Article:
Former high-ranking British intelligence agent Christopher Steele, who authored the controversial "Steele Dossier," spoke publicly for the first time on Friday about special counsel Robert Mueller's investigation into Donald Trump's Russia ties, and possible collusion between Trump and Russia to tamper with the 2016 presidential election. The Steele Dossier alleged deep ties between Trump and Russia, but perhaps became best known for the so-called "pee tape" allegation.
In his dossier — a compilation of private intelligence reports — Steele alleged numerous methods by which Russia held leverage over Trump, including financial ties and blackmail material. The blackmail included a supposed video recording of Trump in a Moscow hotel room watching prostitutes perform a "golden shower" urination show on a bed.
But the topic of the "pee tape" apparently did not come up on Friday when Steele spoke to a group of Oxford University students in the United Kingdom. In the talk, which was documented by The Daily Beast, Steele heavily criticized Mueller, saying that the special counsel's report showed no signs of investigators "drilling down into financial networks and leverage."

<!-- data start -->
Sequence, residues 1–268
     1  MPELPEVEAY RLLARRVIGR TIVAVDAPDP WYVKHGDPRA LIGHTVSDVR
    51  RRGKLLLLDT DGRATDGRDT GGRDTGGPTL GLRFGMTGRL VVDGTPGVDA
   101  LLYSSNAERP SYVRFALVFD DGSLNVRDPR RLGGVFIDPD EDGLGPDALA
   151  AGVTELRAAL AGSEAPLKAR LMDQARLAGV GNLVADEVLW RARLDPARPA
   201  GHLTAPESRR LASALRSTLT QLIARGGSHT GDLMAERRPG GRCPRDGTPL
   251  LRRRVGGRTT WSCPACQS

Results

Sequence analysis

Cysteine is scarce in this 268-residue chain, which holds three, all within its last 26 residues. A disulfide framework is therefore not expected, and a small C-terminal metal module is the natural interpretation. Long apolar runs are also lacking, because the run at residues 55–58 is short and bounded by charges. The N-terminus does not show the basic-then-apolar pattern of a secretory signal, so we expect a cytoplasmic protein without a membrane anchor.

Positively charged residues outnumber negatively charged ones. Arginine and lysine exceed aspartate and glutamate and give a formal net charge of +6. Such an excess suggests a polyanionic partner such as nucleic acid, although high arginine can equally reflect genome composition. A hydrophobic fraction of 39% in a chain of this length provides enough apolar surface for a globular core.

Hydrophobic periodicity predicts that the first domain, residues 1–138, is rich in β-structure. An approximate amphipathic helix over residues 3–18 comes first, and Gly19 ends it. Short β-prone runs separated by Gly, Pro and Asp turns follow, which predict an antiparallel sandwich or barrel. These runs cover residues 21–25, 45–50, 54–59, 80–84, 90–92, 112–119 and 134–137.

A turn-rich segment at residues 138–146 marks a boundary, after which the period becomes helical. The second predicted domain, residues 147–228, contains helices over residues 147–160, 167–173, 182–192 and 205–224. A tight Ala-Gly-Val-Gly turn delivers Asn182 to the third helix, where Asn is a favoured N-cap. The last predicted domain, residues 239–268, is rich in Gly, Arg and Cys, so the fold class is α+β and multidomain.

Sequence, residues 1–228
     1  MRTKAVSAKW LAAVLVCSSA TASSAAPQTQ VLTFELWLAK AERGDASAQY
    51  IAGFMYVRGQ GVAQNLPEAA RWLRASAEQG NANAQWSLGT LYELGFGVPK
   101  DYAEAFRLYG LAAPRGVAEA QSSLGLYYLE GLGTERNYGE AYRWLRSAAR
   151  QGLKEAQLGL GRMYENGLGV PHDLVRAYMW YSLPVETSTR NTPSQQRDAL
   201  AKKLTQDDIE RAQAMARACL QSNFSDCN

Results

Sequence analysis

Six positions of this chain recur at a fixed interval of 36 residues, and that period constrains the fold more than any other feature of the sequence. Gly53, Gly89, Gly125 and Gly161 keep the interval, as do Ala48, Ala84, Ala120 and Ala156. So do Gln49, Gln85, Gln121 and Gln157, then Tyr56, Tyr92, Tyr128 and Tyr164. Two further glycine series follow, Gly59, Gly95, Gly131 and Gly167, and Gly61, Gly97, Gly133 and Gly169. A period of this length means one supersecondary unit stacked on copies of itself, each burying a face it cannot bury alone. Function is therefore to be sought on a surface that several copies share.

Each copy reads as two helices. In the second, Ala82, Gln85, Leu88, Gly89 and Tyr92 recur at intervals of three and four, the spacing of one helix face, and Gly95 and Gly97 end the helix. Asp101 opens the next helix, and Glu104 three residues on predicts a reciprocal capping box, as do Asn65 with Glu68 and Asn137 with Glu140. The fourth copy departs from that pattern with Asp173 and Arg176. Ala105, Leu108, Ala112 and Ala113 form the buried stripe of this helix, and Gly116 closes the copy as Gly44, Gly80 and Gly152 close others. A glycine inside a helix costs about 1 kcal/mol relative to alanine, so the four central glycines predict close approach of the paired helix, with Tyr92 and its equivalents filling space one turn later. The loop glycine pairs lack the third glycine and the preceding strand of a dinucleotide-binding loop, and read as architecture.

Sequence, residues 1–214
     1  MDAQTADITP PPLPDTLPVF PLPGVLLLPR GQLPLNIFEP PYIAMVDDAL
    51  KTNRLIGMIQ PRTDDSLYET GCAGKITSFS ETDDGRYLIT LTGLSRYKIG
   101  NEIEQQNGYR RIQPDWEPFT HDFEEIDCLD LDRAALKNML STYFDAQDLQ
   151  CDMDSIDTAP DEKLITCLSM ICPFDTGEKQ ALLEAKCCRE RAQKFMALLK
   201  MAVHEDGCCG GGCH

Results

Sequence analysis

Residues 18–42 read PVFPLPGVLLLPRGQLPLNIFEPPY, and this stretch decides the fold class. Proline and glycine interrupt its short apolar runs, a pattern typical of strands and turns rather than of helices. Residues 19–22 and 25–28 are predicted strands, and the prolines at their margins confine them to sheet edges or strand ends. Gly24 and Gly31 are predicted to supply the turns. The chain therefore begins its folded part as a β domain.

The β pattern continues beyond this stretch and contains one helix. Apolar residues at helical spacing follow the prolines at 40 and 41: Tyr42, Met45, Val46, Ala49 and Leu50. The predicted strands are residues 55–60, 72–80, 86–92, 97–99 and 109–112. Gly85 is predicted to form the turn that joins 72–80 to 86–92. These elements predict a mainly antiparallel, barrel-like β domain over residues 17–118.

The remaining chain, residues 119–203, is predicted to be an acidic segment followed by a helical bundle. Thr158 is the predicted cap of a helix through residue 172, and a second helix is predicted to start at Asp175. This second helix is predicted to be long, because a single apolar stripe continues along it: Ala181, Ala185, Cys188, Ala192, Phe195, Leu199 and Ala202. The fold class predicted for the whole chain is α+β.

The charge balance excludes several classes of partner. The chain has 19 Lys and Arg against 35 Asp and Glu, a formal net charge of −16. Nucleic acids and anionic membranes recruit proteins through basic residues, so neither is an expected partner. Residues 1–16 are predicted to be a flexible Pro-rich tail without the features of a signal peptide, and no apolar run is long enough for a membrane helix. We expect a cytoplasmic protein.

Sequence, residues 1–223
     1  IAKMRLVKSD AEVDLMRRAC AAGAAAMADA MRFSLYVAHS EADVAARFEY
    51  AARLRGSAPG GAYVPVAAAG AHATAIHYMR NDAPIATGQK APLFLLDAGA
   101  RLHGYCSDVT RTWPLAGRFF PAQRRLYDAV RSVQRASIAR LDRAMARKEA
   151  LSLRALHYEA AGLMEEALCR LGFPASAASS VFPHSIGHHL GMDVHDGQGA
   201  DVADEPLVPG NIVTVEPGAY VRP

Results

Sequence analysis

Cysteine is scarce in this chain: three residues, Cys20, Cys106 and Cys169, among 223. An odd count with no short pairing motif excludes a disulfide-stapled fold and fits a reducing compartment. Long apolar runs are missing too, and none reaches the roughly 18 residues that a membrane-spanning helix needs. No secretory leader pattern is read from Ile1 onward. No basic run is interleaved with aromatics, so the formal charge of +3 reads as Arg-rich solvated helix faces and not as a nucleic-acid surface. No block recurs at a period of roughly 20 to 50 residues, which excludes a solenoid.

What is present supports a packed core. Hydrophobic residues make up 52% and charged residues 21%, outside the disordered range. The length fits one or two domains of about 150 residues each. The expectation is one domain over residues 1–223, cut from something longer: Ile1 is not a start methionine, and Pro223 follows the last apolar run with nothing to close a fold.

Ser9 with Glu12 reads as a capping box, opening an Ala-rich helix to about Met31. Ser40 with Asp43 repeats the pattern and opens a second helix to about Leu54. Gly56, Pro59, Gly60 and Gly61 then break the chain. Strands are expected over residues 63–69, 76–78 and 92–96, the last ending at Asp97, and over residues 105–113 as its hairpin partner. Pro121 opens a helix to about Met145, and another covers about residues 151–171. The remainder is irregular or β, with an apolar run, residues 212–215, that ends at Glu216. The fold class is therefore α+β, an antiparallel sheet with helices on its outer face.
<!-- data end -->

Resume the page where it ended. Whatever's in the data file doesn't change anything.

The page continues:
According to Steele, using financial leverage is "the way Russian influence works," as quoted by The Daily Beast.
The same criticism was made by House Intelligence Committee Chair Adam Schiff last year, saying that Mueller did not appear to be "doing much of a money laundering investigation" into Trump."What we are interested in is, does the president have business dealings with Russia such that it compromises the United States?" Schiff said in February of 2019, as quoted by The Washington Post.
Steele also told the Oxford students that he submitted to an interview with Mueller's investigators, but though he spoke to them for two complete days of questioning, "I was surprised that very little of what I had discussed with them appeared in the final report," as quoted by The Daily Beast.
He also criticized Mueller for failing to pursue important evidentiary leads, and for keeping a "too narrow" focus in the investigation. Steele singled out Mueller's failure to interview Trump's son, Donald Trump Jr., saying that overlooking the younger Trump "wasn't great."
Trump Jr. held a meeting with a group of Kremlin-linked Russians in Trump Tower on June 9, 2016 — a meeting at which he believed he would receive incriminating information about Democratic candidate Hillary Clinton that had been gathered by the Russian government. Though the meeting appeared, according to legal experts, to constitute a violation of campaign finance laws, Mueller puzzlingly failed to indict the younger Trump.
Though his dossier has been repeatedly attacked by Trump, congressional Republicans, and conservative media outlets, Steele told the Oxford students, "we stand by the integrity of our work and the integrity of our sources," according to the Daily Beast report.